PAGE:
• Fri, Apr 18 - 4:58 pm ET

Kirsten Dunst Has Never Been Groped By A Director Because She’s Never Asked For It

Kirsten Dunst attending Australian premiere of Anchorman 2 November 2013Good for Kirsten Dunst, honestly. In an industry where so many of her peers are constantly being inappropriately propositioned or even full-on sexually assaulted, she’s never had a problem with that. And do you know why? Because she’s never asked for it. What a novel concept! She’s so much smarter than victims!

In a W Magazine piece that came out today, Kirsten was asked by the interviewer if she’s ever worked with a director that she didn’t agree with, and she answered:

“I have, and it takes all the fun out of what you do. You just get through it instead of having a meaningful experience.”

Sure, yeah. That’s a diplomatic response to the question. Didn’t throw anybody under the bus or anything, which is very diplomatic of you. But wouldn’t you maybe like to add some victim-shaming to your answer? It would sure spice up this interview!

Interviewer: What if a director pounces on you while working? Has that ever happened?

Kirsten: No [laughs]. I don’t give off that vibe. I think that you court that stuff, and to me it’s crossing a boundary that would hinder the trust in your working relationship.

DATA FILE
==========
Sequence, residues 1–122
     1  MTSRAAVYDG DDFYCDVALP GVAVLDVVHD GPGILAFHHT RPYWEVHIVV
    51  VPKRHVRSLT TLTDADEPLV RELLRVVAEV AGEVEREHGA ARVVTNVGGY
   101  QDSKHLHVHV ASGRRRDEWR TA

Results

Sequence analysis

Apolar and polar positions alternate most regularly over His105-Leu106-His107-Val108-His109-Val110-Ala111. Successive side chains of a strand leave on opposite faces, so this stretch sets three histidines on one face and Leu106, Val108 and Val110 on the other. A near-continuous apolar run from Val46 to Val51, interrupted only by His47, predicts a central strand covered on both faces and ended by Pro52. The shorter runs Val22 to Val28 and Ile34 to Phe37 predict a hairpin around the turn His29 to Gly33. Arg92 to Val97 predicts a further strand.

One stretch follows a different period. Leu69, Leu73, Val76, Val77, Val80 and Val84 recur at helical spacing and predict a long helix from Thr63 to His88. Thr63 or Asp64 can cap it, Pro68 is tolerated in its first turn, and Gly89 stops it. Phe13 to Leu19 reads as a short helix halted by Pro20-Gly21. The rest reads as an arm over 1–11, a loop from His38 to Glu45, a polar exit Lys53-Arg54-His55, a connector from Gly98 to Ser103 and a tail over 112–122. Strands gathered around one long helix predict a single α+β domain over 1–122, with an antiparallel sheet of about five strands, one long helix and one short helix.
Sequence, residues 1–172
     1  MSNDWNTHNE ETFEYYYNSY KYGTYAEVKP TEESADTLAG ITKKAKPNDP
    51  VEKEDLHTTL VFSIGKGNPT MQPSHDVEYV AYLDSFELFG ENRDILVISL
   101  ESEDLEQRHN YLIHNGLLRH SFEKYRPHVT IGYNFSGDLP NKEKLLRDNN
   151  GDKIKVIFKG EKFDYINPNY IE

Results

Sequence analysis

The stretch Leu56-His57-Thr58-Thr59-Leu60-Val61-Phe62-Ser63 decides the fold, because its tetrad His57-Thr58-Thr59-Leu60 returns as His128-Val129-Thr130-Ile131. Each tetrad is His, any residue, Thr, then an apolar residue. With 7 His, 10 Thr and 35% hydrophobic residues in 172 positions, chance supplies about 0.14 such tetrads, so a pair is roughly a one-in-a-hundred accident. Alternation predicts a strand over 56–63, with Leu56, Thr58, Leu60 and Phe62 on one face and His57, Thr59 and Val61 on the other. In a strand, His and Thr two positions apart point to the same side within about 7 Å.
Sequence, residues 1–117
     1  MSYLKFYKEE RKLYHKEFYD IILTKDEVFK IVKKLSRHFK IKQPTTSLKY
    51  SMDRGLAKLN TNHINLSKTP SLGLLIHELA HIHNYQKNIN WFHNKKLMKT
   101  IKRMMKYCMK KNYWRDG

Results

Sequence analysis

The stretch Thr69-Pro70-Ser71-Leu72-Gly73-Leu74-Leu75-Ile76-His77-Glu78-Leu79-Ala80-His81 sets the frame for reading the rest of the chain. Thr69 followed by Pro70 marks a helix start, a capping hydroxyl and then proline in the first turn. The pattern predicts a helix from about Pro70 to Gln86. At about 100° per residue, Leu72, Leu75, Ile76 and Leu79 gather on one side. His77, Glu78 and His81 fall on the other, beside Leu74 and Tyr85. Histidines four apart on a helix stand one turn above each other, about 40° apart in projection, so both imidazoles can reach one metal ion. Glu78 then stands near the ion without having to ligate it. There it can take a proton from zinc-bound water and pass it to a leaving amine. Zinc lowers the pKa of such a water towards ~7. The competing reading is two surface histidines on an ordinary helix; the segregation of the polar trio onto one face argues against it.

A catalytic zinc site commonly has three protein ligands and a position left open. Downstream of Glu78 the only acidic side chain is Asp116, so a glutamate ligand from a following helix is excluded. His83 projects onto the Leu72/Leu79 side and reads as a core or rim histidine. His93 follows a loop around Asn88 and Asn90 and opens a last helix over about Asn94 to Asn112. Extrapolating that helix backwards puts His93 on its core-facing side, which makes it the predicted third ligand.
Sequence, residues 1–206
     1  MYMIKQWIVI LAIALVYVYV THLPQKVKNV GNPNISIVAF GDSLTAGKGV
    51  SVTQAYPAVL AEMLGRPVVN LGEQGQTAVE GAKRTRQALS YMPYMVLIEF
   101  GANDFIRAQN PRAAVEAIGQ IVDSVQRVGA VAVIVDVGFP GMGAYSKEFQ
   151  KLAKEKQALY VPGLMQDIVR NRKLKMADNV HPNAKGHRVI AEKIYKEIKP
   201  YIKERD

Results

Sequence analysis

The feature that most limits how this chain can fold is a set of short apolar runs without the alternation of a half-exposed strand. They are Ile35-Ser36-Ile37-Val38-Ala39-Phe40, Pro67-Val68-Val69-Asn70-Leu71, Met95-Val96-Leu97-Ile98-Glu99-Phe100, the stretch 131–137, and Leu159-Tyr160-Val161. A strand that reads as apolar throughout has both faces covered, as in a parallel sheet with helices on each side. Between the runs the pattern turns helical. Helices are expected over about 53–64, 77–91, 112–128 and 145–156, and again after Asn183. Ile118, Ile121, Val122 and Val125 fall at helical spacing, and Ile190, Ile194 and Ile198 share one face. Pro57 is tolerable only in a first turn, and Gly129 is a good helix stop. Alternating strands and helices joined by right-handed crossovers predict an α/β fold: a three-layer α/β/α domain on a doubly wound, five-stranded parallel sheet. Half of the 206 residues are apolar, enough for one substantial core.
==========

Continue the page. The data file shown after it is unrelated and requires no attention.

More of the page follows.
Ah yes. So kind of you to make sexual predators’ argument for them! People who are pounced on by directors — or anyone! — receive that kind of attention because they were asking for it. Usually out loud or in a note you might have forgotten you passed. Probably something saying, “Can you and I engage in activities without my consent? Check ‘yes’ or ‘no’!” Because assault is fun! And not enough people get to do it! Only like 58% of people who court ‘that stuff’ actually get to engage in it, and you can’t argue with numbers that I just made up.

But while I’m sure there are some militant feminists (the ones who get to wear the cool army jackets!) who are gonna get really haired up (pun intended!) about this, I’m not one of them — OBVIOUSLY. Because I totally get it! You and I are on the same brainpage, Kirsten!

For example, I was never really interested in going to treatment for depression, like you did in 2008, so what I did was I just made sure I wasn’t courting those dark thoughts! And that is a thing that people could do, ergo I never got them and I didn’t have to go get help! Same thing with alcoholism; I just wasn’t interested! Some people might say that I myself have little to do control over arbitrary things like sexual assault, the disease of addiction, and clinical depression, but you and I know better, don’t we Kirsten? We’re so smart to have avoided these pesky little pitfalls that other idiots can’t seem to avoid!

We know that if something bad happens to you, it’s either because you were wearing a low-cut shirt or you weren’t wishing hard enough. (But probably both.)

(Photo: WENN.com)

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  • jubies

    She doesn’t seem like a super nice girl… Now she’s applying the ‘takes two to tango’ theory to unwanted physical contact!? ? Maybe she’s just dumb…

  • Elizabeth Aspen